Last week, a reader left a comment asking for me to show more behind-the-scenes pictures. It was a simple, polite request and it made me realize I don’t do that as much as I used to. I think I always feel like the pictures have to be pretty, “Pin-worthy” images that will be liked and shared. Pinterest, Instagram and the infamous Facebook algorithm really changed what bloggers (on the whole) share and how they share it and I am not an exception.
But, that comment got me thinking. As a DIYer myself, I love looking at the before and afters and inspirational pictures, but I also want to know the HOW behind it. While I’ve written hundreds of how-oriented, tutorial posts, it doesn’t mean I can’t share the latest “hows” behind what I’m working on.
For those who are new, it might be new information and, for those who have been with me for a long time, you can see what’s changed and what has worked for me for years. So, I’ll be sharing more of the hows, whys and process pictures.
Let’s start with this pretty (and old) oak buffet…
The wood has gorgeous graining, so I didn’t want to cover it up entirely with paint. It was looking a little dark and heavy, so it needed some brightening, but I didn’t want to lose all of the wood. I decided to strip the top to remove the dulled finish that was sporting some water rings, scratches. etc. I started doing this years ago and it’s become one of my signatures. I like the play of paint and wood and I also like how a wood surface wears better than a painted one. It’s just a preference thing, though!
I like to use a gentle chemical stripper that doesn’t have to be disposed of in special ways. There are a few I like, but Citri-Strip is easy to find, works well and isn’t expensive. SmartStrip is probably my favorite, since it’s a paste, but it’s not as easy to find (usually I get it from Sherwin Williams) and it’s more expensive.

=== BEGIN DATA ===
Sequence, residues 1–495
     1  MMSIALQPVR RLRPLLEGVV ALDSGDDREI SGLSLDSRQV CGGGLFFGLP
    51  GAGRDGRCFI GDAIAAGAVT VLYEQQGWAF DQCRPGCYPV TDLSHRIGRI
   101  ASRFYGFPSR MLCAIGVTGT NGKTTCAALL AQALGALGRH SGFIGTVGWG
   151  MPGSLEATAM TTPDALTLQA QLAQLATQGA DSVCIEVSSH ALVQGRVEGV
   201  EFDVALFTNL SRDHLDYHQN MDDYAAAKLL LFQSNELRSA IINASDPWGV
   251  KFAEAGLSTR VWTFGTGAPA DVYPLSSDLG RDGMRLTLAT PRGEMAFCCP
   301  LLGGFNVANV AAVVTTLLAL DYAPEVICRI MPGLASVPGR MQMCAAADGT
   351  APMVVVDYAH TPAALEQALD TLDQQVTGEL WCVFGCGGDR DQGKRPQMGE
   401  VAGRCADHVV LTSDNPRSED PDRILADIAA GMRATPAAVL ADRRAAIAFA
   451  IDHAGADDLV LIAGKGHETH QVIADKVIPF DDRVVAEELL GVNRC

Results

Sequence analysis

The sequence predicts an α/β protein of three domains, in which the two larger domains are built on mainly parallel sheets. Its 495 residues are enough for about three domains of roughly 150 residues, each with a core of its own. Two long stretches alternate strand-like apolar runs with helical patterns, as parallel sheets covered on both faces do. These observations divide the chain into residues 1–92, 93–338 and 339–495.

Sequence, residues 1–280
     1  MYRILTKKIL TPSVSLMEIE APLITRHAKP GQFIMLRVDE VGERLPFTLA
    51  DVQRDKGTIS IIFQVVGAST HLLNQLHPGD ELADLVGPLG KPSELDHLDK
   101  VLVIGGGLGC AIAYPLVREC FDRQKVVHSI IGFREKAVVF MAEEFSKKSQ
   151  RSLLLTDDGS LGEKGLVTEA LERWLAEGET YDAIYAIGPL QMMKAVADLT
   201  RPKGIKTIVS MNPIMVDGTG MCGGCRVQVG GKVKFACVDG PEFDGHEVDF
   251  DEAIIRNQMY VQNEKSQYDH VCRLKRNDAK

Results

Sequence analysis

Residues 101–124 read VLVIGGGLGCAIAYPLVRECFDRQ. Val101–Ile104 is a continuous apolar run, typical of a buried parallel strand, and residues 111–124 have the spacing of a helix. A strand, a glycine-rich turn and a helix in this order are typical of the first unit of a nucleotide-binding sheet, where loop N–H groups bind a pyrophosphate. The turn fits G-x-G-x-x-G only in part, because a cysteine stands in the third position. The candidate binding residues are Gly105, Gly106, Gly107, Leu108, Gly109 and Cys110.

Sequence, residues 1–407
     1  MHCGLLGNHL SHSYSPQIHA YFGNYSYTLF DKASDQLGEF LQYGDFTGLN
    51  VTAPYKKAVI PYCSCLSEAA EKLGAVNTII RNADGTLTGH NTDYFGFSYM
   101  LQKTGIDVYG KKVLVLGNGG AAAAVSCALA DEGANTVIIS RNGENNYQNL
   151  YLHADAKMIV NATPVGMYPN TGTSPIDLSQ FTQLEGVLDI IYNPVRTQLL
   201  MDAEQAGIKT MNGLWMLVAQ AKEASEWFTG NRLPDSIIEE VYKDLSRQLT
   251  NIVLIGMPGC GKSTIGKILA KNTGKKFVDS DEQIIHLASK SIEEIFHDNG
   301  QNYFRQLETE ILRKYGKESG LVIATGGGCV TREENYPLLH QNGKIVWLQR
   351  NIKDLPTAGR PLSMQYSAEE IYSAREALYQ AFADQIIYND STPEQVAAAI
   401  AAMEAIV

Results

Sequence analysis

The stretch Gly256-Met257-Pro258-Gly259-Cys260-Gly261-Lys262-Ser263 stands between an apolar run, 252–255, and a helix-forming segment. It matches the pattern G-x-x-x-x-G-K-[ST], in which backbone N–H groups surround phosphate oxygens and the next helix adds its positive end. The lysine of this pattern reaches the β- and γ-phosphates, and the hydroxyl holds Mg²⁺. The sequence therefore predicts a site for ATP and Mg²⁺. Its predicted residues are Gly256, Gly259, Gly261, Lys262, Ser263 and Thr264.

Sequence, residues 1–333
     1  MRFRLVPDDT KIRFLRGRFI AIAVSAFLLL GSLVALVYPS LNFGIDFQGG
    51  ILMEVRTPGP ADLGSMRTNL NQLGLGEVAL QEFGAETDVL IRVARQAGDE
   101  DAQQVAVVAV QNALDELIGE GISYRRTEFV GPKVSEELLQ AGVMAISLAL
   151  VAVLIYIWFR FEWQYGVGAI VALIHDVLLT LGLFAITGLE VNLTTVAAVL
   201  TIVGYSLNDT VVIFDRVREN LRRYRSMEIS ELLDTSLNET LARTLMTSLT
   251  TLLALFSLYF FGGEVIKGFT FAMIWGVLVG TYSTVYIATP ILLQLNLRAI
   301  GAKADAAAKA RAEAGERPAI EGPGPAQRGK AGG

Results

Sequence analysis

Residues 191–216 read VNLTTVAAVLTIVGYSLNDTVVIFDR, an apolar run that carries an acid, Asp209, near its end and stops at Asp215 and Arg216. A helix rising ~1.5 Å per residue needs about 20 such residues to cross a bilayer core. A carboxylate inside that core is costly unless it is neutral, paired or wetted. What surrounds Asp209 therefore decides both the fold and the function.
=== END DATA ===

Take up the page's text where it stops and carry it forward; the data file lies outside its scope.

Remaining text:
Since I’m working on a flat, horizontal surface, I just pour some on and spread it around with an natural-bristle chip brush. You don’t want to use a synthetic-bristle brush, because the stripper can dissolve the bristles.
I let it sit for a good, long while…maybe 30-45 minutes as I work on something else. I want to give it time to work, but not so long that it dries out.
I’ll then use a metal scraper/putty knife to scrape off the finish and chemical stripper, disposing of the “goo” in a lidded container. The “goo” in this case looked like chocolate ganache.
Sometimes it takes two or three applications. Once the finish is completely removed, I wipe it down with mineral spirits, scrubbing the surface with steel wool. Then, I let it dry overnight.
A little tip – if you wipe a raw or stained wood surface with mineral spirits, it shows what the surface will look like with an oil or poly finish. The mineral spirits will then evaporate, leaving the surface clean and dry.
See how glossy and hydrated the surface looks…?
It’s pretty amazing how the dark stain really hid the beautiful movement in that graining.
Here’s how it looked once it dried out…
I’m just going to hydrate and seal it with Hemp Oil and call it a day.
I painted the base of the piece in Farmhouse White that was mixed with a little bit of Mora and Grain Sack. I painted a piece in Grain Sack and, instead of wasting the little bit left in the cup, I mixed Mora with it to paint the next thing and then did the same when I painted this piece in Farmhouse White. The colors aren’t high contrast, so it doesn’t dramatically change the colors I’m mixing and prevents waste.
It does lead to a lot of shoulder shrugging when Kriste asks me what’s in a particular cup, however.
The first coat, as usual, looked pretty awful. But it improved after the second coat. And this piece really chipped and flaked. It’s a pretty dramatic look and some people are going to love it and other people are going to hate it.
I’m in the “love it” camp, but you can decide when I share how it turned out tomorrow.
Speak of the “how” of getting things done, Thursday was such an awesome day, because I had a studio full of people helping me.
…and my mom…
…were all painting. We had furniture everywhere!
My dad and Jeff were working on fixing things, like the rotted boards on the bottom of one of the hardware cabinets and the dry sink, cutting shelves for the wardrobe, and putting the finishing touches on the counter and “shoe carts” Jeff and a former youth student at our church, Charles, built for me last week.
When people do things for me and with me, especially DIY projects, it makes me feel so loved. So, I was feeling a lot of love last week!
More on those projects and everything else to come…